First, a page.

FIELD OF THE INVENTION
The present invention relates to estimating mass air flow through a throttle of a vehicle, and more particularly to estimating mass air flow based on manifold absolute pressure.
BACKGROUND OF THE INVENTION
Internal combustion engines (ICE’s) are controlled based on a manifold absolute pressure (MAP) and mass air flow (MAF) signals that are generated by MAP and MAF sensors, respectively. A controller controls emissions and engine performance characteristics of the ICE based on the MAP and MAF signals. For example, critical engine parameters, such as air-to-fuel (A/F) ratio, can be adjusted by knowing the mass of air available for combustion.
MAF sensors are commercially available and have been used with ICE’s to provide the required MAF information. MAF sensors, however, are relatively expensive as compared to other sensors implemented with the ICE. Therefore, alternative techniques for determining MAF into the ICE have developed. Two conventional techniques include a speed density technique and a throttle position technique. The speed density technique determines MAF based on MAP, engine speed and intake air temperature. The throttle position technique determines MAF based on throttle position and engine speed.
Although the conventional techniques eliminate the need for a MAF sensor, they are less accurate than desired. These inaccuracies result from an incorrect estimation of MAF during throttle transient conditions. During throttle transient conditions, a finite amount of time is required to calculate MAF and adjust fuel input. MAF can change dramatically due to the dynamic nature of the ICE during this time. Even during static conditions, the conventional techniques result in cycle-to-cycle measurement variations. More specifically, air flow pulsations that occur as the ICE draws air into the cylinders and delays in processing sensor information result in such cycle-to-cycle variations.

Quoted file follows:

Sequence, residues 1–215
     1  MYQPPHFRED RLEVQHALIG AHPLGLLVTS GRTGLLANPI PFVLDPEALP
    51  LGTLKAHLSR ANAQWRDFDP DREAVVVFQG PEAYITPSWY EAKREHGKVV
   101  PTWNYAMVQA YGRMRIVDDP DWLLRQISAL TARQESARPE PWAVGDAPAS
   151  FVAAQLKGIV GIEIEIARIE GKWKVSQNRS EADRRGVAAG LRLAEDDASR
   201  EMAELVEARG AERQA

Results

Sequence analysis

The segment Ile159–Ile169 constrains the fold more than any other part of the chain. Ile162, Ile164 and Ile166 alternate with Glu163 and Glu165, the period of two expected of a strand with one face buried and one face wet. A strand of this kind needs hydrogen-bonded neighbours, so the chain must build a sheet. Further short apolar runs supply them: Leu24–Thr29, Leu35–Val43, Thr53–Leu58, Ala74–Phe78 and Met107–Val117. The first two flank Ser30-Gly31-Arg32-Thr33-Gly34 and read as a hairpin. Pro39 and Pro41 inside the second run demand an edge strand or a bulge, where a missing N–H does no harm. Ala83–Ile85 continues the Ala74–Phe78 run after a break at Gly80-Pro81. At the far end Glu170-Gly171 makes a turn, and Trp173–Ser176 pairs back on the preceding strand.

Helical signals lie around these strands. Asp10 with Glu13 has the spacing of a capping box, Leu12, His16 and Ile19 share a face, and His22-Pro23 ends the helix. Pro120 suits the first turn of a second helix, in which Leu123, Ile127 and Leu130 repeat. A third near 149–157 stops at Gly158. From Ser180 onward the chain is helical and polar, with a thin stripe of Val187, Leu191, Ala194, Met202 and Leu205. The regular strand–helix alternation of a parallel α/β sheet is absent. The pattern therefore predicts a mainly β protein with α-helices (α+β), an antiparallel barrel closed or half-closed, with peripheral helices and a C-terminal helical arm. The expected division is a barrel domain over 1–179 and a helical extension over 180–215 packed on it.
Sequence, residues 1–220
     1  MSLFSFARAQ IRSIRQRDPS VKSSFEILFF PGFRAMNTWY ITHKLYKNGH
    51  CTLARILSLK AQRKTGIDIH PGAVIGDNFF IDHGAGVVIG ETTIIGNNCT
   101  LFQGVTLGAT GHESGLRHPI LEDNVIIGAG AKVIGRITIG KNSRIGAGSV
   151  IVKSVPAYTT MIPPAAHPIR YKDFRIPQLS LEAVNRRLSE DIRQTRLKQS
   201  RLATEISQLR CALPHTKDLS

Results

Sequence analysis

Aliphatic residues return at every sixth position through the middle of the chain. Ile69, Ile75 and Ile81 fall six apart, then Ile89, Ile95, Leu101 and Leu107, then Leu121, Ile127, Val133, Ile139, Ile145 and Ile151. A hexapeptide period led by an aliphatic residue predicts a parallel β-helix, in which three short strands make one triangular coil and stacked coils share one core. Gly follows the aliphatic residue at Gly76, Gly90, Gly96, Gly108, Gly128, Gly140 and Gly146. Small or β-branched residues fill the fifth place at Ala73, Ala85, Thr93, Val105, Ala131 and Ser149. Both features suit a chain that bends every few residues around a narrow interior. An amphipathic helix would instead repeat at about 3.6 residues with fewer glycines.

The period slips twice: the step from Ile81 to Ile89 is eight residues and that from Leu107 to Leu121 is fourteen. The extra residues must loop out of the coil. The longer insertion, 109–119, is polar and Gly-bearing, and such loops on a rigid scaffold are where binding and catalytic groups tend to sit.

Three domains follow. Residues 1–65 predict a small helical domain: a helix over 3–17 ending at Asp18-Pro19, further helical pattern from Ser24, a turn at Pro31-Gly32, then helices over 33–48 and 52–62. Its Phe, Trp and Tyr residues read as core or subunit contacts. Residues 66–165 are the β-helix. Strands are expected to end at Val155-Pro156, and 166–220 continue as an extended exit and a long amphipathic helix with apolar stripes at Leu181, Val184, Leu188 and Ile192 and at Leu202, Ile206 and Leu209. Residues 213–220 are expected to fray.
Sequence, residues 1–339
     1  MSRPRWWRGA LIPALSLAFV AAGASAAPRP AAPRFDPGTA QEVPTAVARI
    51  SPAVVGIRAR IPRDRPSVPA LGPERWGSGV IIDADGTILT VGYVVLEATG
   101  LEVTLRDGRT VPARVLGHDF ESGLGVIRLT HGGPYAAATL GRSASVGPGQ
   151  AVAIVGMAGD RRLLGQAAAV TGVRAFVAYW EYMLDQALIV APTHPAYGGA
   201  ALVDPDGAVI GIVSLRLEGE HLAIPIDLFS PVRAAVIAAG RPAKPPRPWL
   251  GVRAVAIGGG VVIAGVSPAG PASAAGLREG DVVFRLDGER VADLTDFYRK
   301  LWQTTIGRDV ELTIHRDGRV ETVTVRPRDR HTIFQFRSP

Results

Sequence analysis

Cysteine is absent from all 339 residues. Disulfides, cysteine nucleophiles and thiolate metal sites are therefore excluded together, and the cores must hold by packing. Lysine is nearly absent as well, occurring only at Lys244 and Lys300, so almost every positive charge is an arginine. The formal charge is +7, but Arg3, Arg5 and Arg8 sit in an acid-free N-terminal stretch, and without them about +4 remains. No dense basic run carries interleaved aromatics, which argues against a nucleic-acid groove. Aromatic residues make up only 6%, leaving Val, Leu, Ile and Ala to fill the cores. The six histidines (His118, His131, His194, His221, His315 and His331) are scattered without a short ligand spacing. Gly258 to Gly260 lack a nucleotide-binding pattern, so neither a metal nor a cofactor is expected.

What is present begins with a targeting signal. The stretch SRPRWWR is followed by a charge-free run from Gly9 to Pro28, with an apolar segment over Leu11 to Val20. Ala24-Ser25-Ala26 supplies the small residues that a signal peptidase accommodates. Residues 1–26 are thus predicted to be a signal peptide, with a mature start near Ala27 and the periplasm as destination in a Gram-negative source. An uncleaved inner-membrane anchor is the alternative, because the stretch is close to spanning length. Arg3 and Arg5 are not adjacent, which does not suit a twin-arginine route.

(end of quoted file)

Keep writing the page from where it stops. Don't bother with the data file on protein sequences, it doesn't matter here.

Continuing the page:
SUMMARY OF THE INVENTION
Accordingly, the present invention provides a control system that determines a mass air flow through a throttle of an internal combustion engine (ICE) having an intake manifold. The control system includes a calculator that calculates an estimated mass air flow based on a throttle position and an adaptation module that determines an adjustment value. The adjustment value is based on the estimated mass air flow, an estimated manifold absolute pressure and a measured manifold absolute pressure. A multiplier multiplies the estimated mass air flow by the adjustment value to determine the mass air flow.
In one feature, the control system further includes a calculator that calculates the estimated manifold absolute pressure.
In another feature, the control system further includes an engine speed sensor that generates an engine speed signal and an intake manifold temperature sensor that generates an intake manifold temperature signal. The estimated manifold absolute pressure is based on the engine speed signal and the intake manifold temperature signal.
In another feature, the control system further includes a multiplier that calculates an adjustment input as a product of the estimated mass air flow and a manifold absolute pressure error. The manifold absolute pressure error is determined as a difference between the estimated manifold absolute pressure and the measured manifold absolute pressure.
In still another feature, the adaptation module is an integrator that integrates an adjustment input that is based on the estimated mass air flow and a manifold absolute pressure error. The adaptation module integrates the adjustment input and multiplies the adjustment input by a gain.
Further areas of applicability of the present invention will become apparent from the detailed description provided hereinafter. It should be understood that the detailed description and specific examples, while indicating the preferred embodiment of the invention, are intended for purposes of illustration only and are not intended to limit the scope of the invention.